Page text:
Britain faces an energy gap of up 32 GW by 2015 as older coal and nuclear power stations are paid off.
At the same time, Britain has made a binding commitment to deliver 15% of all its energy consumption from renewable energy sources by 2020.
Government policy is based on using wind power both to help close the energy gap and to meet its renewable energy targets.
If the Government is to meet its renewables target, then the amount of electricity to be generated by wind farms will have to increase by more than 20 times.
This will be very expensive. Electricity generated by wind turbines already enjoys huge subsidies and tax breaks through the Renewables Obligation scheme.
The Government has now accepted that the total costs of meeting the 2020 target will be £100 billion. This is the equivalent of £4,000 for every household in the country.
The Royal Academy of Engineering has calculated that wind energy is two and a half times more e expensive than other forms of electricity generation in the UK.
Wind generation does not provide a reliable supply of power. It must be backed up by other baseload sources.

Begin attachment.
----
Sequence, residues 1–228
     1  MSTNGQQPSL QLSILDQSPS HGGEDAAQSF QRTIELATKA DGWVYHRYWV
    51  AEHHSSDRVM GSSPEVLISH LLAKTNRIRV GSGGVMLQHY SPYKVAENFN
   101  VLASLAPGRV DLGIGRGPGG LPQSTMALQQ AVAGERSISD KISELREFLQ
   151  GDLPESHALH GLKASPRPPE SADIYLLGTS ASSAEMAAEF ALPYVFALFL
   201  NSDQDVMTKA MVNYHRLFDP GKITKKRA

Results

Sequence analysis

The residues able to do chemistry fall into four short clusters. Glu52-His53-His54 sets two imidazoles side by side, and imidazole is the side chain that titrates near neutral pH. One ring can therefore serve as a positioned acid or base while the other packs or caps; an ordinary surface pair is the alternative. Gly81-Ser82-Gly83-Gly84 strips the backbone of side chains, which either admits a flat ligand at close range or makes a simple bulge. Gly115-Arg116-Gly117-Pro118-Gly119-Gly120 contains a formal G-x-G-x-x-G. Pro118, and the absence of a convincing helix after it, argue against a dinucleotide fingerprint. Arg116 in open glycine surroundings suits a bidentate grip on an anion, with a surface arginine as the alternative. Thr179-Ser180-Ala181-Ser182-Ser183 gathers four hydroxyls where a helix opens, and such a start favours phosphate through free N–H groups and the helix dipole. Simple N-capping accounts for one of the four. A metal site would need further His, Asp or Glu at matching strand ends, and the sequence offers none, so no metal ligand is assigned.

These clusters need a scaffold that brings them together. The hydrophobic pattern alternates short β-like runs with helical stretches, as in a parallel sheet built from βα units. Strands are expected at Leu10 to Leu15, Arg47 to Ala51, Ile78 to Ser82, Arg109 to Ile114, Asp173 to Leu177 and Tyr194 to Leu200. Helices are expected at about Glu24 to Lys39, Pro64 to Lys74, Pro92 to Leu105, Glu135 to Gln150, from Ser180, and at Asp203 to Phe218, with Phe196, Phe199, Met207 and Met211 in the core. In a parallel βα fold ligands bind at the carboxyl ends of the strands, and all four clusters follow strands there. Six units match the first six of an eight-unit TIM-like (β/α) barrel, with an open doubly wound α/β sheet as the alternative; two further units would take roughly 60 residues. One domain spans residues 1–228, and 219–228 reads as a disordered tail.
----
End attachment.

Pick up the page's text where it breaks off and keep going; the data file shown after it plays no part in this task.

Greater reliance on wind power could lead to electricity supply disruptions if the wind does not blow, blows too hard or does not blow where wind farms are located.
The experience of Denmark - often hailed for its pioneering development of wind farms - is that wind energy is expensive, inefficient and not even particularly "green". There are signs that other countries are losing some of their enthusiasm for wind power.
There is no evidence that people are prepared to pay for wind power. Only 15% of people say that they are fairly or very willing to pay higher electricity bills if the extra money funds renewable power sources such as wind. The figures for "very unwilling" and "fairly unwilling" are 37% and 24% respectively.
This over-reliance on expensive wind energy, coupled with rising gas prices, will drive six million households into fuel poverty.
Present wind farm planning applications do not take into consideration the economic viability of the project or whether the topography and meteorological conditions are suitable.
The planning system already favours wind farm developers. But if the Government is to meet its renewable target by 2020, then current planning regulations will have to be weighted even further in favour of wind farm suppliers.
The Ministry of Defence has recently lodged last minute objections to at least four onshore wind farms claiming the turbines will interfere with their national air defence radar.
The energy gap must be filled with equivalent baseload capacity as quickly as possible.
The UK should therefore now develop its nuclear, clean coal (including coal gasification) and other renewable supplies of energy (particularly tidal).
Wind energy, in contrast, should only play a negligible role in plugging Britain's looming energy gap.